Just something I posted a while ago....Obviously, 50 bucks for Pineiro is just wacky...But these guys are experts....Sometimes it really just works out for them, no matter how silly we may think they are.
LABR winners didn't go by the book
The two winners of the 2001 Leagues of Alternative Baseball Reality (LABR) shared one glaringly obvious trait. Superior expertise? Unique insight? Deft roster management?
Maybe. But they also left a combined $36 on the table on Draft Day.
Jonathan Mayo of MLB.com and Ron Shandler of Baseball HQ committed drafting's cardinal sin. No matter — they both won easily.
"When I left $26 on the table, I didn't think I had necessarily blown it completely, but I figured I had handicapped my chances severely," Mayo said. "After the draft, I thought my starting pitching was the key, and I turned out to be right. Getting Clemens for $15 was a huge steal, and Paul Abbott's year was a tremendous help."
After the draft, I figured Mayo's team, despite his $234 payroll, Doug Dennis' Monster Mailbag and my team were the strongest. I was right about the first two — Dennis finished second — but my pitching never came around. (I don't think Pedro will go for $40 next year.)
Shandler's fortunes, meanwhile, were tied to a handful of great bargains — probably the biggest overachievers not named Albert Pujols.
"Can I say I had a great draft? I dunno," Shandler said. "When I bought Paul Lo Duca, Luis Gonzalez, Aramis Ramirez, Juan Pierre and Bubba Trammell, it wasn't like I expected that $55 investment to yield nearly $150. You always have to take a chance on a few players, and expect to have some winners and some losers, but at the time, that was simply the going rate.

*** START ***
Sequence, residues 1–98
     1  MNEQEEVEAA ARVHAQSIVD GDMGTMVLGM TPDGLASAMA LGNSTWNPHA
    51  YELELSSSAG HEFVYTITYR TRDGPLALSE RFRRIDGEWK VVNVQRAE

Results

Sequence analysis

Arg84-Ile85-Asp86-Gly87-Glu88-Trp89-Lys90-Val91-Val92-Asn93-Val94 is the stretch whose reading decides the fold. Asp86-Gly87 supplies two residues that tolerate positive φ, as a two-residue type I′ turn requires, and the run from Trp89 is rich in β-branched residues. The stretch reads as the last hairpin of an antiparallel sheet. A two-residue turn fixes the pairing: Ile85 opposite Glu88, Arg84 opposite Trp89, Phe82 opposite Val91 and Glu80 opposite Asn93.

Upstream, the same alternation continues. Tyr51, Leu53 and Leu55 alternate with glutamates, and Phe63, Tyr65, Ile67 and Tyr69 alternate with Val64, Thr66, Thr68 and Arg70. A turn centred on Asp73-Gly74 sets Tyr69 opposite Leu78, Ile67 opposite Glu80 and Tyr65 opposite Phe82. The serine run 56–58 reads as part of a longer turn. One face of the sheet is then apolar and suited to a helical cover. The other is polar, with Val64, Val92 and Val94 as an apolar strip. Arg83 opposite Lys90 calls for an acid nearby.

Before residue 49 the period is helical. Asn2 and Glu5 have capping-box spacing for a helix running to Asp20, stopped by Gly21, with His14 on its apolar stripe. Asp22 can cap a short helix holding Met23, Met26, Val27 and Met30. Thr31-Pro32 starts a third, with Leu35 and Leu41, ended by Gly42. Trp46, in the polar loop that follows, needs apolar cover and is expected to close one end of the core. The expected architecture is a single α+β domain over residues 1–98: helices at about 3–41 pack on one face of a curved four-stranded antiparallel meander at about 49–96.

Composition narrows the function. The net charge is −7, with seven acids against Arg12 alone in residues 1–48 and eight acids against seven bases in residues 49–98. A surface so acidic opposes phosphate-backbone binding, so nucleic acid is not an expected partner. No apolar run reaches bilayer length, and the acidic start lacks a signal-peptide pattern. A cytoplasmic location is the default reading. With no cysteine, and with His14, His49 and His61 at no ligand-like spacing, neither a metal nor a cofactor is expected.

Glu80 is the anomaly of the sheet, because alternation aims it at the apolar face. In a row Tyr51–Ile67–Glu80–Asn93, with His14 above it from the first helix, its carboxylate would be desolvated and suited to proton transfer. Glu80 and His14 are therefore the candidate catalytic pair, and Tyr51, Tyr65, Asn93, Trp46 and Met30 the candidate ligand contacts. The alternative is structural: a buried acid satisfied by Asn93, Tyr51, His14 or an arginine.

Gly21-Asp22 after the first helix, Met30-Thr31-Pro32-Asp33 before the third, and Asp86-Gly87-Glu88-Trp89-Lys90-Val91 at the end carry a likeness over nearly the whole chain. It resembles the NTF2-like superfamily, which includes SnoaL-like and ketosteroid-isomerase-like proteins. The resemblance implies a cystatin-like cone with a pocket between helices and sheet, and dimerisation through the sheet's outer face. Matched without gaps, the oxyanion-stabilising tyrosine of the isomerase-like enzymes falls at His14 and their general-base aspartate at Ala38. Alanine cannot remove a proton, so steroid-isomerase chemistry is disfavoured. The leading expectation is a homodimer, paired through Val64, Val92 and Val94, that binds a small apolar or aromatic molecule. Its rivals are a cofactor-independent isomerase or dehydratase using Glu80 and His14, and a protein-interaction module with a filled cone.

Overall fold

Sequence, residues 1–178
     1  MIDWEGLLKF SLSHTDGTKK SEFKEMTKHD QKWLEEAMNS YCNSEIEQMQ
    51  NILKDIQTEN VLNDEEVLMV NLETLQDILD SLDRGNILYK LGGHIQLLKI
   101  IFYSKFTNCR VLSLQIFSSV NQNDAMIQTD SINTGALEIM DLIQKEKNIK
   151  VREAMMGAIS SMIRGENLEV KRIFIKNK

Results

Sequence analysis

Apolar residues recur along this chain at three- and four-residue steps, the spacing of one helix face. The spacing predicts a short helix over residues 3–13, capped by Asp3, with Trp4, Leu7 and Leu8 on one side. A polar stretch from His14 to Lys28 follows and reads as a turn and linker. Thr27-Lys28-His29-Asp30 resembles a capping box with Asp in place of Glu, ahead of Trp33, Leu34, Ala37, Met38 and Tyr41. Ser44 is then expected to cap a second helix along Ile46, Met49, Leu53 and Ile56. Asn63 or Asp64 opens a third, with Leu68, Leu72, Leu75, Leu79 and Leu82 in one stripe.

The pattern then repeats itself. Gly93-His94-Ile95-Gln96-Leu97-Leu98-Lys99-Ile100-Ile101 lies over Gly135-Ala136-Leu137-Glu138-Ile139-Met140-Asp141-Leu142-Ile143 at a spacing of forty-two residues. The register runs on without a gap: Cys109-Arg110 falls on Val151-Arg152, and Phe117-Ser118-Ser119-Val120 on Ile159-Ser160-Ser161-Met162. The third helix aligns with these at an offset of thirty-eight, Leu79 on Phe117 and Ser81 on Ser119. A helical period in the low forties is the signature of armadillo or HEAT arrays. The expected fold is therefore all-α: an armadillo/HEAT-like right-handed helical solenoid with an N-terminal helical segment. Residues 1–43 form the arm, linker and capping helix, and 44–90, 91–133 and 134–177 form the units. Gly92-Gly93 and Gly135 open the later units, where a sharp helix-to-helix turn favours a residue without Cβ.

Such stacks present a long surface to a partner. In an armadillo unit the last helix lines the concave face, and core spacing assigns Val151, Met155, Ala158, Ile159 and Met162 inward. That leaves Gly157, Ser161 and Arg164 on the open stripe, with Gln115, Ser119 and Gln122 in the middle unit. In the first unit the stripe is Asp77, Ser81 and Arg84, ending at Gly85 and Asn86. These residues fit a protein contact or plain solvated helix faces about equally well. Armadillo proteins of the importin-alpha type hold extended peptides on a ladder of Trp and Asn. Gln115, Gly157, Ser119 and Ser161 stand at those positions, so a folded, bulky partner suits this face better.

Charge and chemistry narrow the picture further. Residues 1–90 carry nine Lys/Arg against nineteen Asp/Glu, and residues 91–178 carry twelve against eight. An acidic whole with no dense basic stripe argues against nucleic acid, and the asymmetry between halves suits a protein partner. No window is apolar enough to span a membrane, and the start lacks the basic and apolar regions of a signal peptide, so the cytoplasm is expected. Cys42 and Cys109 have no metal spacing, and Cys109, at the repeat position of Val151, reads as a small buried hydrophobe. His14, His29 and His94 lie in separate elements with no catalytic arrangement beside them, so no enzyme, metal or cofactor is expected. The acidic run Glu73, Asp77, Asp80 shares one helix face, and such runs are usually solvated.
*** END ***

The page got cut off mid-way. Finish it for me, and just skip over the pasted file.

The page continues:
"I did think Lo Duca would be a steal for a buck, and even Gonzalez potentially at $22, but I gritted my teeth when I went $11 on Ramirez. There was equal teeth-gnashing when I spent $11 on Erubiel Durazo, and you know how that ended up."
But a few busts can quickly negate a handful of bargains, and Shandler did draft a few underachievers, too.
"Come to think of it, the $50 in losses I took on Durazo, Edgardo Alfonzo, Sean Casey, Benny Agbayani, Eric Owens and Gabe White gave back over half of the profit I made. That's not even taking into account the $10 I left on the table. So it's not as if I came anywhere close to having a 'perfect draft.' "
Shandler's $21 on starting pitching was well spent: Javier Vazquez, Brian Tollberg and Brad Penny. And he plucked a $3 Brian Lawrence off the FAAB pile.
"The bottom line is that winning is a process," Shandler said. "It's not like this title was won by any one player, or even by a small group of players. I can't believe some of the names that made cameo appearances on this team: Chris Truby, Ramon E. Martinez, Jack Wilson, Hideki Irabu, Troy Mattes, and my ultimate $1 FAAB pickup, Don Wengert. Ick.
"I guess the secret to success is to minimize the Wengert damage and maximize the Lo Duca gains. Not rocket science, huh?"
For Mayo, it was Rocket science, with Clemens at least. And, frankly, some nice surprises named Catalanotto and Menechino. He also was able to deal starters and closers late in the season in defensive trades to hold off any threat.
Oh, and as for Pujols, who got him?
CDM challenge winner Josh Paley bid $1 on Shane Andrews at the draft, only to hear, "going once, going twice ... two bucks!"
Yeah, that was me. I thought there was no way Pujols would see St. Louis this season. Paley then combed his list for a possible third baseman who wouldn't post a negative value, and arrived at Pujols through the process of elimination.
"I must admit that I did feel more than a bit sad about it at the time," said Paley, a Cardinals fan. "Who knew?"
http://www.usatoday.com/sports/bbw/2001 ... antasy.htm